When Apple launched its iTunes music store a decade ago amid the ashes of Napster, the music industry reeling from the effects of online piracy was anxious to see how the new music service would shake out.
The iTunes music store became much more than a solution; it changed how we consume music and access entertainment. It’s not only music’s biggest retailer, it also dominates the digital video market, capturing 67 percent of the TV show sale market and 65 percent of the movie sale market, according to information company NPD group. Its apps are the most profitable, it has expanded to books and magazines, and it is now available in 119 countries.
But as iTunes celebrates its 10-year mark Sunday, it faces renewed scrutiny on how it will continue to dominate in the next decade or whether it can.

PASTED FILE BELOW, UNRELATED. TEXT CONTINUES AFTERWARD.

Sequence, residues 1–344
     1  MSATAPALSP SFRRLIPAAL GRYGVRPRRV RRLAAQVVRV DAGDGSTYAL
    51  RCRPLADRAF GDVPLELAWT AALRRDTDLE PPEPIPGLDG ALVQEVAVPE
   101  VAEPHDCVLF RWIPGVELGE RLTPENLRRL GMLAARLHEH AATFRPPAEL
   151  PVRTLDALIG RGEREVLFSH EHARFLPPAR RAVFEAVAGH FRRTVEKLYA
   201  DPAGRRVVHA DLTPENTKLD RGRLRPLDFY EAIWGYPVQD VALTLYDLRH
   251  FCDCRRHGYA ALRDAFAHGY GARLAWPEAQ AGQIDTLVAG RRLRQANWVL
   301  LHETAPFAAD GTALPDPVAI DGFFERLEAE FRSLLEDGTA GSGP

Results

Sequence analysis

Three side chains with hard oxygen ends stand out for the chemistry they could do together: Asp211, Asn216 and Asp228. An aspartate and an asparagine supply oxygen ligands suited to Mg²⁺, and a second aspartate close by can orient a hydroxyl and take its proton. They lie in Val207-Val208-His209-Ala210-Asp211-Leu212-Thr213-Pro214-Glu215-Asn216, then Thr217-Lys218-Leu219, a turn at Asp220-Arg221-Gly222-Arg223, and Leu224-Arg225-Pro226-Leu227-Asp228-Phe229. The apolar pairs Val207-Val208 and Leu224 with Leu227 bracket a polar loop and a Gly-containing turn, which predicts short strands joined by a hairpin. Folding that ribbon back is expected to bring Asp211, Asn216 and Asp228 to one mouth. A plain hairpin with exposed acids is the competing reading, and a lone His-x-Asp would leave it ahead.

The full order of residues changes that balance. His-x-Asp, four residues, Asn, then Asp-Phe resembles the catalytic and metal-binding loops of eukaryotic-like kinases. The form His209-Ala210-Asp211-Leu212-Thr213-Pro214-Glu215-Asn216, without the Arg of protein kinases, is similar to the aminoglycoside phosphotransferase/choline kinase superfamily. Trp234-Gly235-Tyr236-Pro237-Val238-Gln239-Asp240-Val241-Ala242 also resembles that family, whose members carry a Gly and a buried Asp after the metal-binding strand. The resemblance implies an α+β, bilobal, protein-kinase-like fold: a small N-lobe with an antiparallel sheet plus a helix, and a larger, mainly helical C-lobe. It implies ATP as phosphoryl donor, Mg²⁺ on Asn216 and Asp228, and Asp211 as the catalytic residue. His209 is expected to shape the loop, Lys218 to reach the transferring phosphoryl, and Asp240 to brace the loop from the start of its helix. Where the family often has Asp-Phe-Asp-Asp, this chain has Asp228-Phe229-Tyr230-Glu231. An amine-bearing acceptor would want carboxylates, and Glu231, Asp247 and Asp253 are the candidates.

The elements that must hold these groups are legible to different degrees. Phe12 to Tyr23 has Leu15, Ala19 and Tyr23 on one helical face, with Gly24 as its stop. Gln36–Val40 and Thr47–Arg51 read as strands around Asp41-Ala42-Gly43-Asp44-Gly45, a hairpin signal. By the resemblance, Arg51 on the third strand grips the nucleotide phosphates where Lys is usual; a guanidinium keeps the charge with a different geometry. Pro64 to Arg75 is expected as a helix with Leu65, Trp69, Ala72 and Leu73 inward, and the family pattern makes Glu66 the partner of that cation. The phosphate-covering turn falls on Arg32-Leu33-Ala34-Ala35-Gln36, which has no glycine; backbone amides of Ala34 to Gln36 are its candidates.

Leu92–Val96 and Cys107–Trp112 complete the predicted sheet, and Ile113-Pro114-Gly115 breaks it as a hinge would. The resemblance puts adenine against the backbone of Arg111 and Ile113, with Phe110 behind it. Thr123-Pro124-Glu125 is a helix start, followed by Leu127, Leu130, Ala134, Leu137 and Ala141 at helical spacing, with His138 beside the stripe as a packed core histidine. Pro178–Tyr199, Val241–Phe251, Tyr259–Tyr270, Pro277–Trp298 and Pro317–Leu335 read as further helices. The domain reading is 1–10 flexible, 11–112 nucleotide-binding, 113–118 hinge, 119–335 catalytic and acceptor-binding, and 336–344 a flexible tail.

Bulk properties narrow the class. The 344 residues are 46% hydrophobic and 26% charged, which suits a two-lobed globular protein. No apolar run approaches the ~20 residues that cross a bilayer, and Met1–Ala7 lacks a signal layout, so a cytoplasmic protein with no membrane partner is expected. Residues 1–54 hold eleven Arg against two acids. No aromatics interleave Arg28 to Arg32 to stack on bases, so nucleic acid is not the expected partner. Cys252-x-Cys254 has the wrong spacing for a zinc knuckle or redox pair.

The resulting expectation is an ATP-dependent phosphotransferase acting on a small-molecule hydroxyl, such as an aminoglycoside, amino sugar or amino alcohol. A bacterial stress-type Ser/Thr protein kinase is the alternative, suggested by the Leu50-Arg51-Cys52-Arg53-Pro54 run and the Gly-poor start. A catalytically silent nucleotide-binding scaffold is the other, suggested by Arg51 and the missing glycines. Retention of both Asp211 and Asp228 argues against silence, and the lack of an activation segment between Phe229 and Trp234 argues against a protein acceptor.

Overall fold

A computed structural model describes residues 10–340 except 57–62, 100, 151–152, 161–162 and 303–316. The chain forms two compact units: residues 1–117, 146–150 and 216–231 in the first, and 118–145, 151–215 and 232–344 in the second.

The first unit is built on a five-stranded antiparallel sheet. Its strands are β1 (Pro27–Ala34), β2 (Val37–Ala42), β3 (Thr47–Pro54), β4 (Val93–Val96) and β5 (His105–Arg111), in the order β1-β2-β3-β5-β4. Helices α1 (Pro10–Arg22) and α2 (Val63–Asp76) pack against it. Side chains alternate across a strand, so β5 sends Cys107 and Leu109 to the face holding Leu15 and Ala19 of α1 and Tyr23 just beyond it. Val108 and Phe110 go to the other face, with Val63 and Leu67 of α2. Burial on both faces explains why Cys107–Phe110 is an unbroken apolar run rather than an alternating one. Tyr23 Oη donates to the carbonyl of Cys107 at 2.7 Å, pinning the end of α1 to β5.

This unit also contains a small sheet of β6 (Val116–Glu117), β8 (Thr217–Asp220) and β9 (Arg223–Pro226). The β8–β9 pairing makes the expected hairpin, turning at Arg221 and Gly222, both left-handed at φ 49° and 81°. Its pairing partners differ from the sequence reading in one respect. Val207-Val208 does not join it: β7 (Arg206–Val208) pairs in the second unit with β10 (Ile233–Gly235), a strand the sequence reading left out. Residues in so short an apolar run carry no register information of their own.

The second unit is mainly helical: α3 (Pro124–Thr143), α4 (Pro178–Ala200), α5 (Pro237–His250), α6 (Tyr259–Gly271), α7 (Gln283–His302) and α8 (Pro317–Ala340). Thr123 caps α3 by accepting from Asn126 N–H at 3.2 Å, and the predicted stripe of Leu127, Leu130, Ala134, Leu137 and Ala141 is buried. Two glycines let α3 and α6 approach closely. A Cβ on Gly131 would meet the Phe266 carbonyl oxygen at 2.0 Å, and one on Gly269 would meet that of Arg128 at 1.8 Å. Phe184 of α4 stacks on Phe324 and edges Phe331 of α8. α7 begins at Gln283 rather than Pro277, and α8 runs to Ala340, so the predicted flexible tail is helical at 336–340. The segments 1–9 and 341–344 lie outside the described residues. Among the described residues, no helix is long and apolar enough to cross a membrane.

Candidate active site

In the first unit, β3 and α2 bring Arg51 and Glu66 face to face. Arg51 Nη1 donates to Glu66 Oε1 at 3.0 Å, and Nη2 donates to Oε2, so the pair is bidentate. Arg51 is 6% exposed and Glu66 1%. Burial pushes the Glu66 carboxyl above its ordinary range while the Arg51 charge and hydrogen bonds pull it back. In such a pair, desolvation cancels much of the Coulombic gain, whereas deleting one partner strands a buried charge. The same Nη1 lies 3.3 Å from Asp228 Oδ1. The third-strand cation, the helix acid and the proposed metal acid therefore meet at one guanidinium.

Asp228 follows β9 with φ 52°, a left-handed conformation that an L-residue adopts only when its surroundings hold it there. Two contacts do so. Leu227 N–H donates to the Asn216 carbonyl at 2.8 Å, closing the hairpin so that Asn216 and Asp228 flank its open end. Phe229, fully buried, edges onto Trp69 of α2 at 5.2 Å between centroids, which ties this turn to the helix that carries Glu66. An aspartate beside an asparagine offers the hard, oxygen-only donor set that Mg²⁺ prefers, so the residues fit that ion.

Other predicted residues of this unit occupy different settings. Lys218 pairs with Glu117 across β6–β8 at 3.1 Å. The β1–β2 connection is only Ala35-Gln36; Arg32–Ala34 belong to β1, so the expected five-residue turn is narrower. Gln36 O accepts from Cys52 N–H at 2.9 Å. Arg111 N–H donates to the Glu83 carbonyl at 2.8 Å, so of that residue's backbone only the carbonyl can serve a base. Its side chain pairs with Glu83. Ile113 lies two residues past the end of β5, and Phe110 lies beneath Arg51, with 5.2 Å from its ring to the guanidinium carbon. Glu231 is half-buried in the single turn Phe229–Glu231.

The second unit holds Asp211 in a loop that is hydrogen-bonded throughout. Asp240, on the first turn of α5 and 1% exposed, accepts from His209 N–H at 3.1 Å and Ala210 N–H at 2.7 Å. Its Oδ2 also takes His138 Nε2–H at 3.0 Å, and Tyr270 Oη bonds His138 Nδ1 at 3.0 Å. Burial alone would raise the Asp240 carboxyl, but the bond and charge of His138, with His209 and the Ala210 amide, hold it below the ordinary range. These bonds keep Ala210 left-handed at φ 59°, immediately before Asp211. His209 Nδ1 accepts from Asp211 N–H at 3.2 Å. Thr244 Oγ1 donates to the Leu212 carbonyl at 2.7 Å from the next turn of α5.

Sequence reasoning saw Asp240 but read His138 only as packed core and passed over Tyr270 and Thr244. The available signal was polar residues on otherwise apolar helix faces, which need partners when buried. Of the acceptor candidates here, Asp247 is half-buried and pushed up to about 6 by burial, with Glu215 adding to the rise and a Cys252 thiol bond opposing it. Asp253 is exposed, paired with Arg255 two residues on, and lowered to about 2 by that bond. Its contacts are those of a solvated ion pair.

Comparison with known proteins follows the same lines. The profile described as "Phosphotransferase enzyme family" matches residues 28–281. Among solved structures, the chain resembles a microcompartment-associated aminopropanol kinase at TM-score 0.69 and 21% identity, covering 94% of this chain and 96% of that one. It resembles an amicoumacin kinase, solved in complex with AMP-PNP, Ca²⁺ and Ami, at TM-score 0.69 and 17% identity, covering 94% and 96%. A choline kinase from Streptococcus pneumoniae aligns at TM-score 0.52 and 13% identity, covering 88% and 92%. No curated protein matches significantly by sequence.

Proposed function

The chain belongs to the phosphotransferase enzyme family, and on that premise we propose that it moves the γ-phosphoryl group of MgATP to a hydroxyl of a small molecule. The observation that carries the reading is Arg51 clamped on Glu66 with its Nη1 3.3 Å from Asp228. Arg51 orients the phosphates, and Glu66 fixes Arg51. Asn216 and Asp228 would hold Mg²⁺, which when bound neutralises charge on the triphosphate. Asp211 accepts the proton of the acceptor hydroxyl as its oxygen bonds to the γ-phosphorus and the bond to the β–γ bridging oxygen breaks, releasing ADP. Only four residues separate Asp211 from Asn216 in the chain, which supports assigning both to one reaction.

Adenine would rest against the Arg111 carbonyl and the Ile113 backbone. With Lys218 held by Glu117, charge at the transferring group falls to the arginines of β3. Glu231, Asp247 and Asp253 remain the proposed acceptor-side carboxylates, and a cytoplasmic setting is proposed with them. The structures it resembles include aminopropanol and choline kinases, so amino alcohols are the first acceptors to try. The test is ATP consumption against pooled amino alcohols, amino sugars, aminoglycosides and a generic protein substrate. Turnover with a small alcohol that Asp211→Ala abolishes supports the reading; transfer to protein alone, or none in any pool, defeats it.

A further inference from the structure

With competition from subscription services like Spotify and other services like Amazon.com, Netflix, Hulu and others, iTunes will likely need to reinvent itself to remain at the top of the digital entertainment perch.
At first only available to Mac users, iTunes debuted two years after Apple’s groundbreaking iPod.
With a catalog of 200,000 songs compared with tens and tens of millions of songs available today iTunes entered an industry being upended by illegal downloading yet still skeptical of the new music store.
There were more than grumbles when Apple co-founder Steve Jobs set parameters making all songs available at a cap of 99 cents (today, songs can cost up to $1.29) and giving listeners more control of what they could do with music collection in terms of portability and ownership.
“Our message to them was the only way to beat piracy wasn’t lawsuits or TV ads or anything, but to actually offer what was available through piracy and people would actually pay for it if you did that. So we had to get them to all agree. As part of that, you had to get them to agree to all of the same rights,” Apple Inc.’s Eddy Cue, who was integral to the creation of iTunes, said.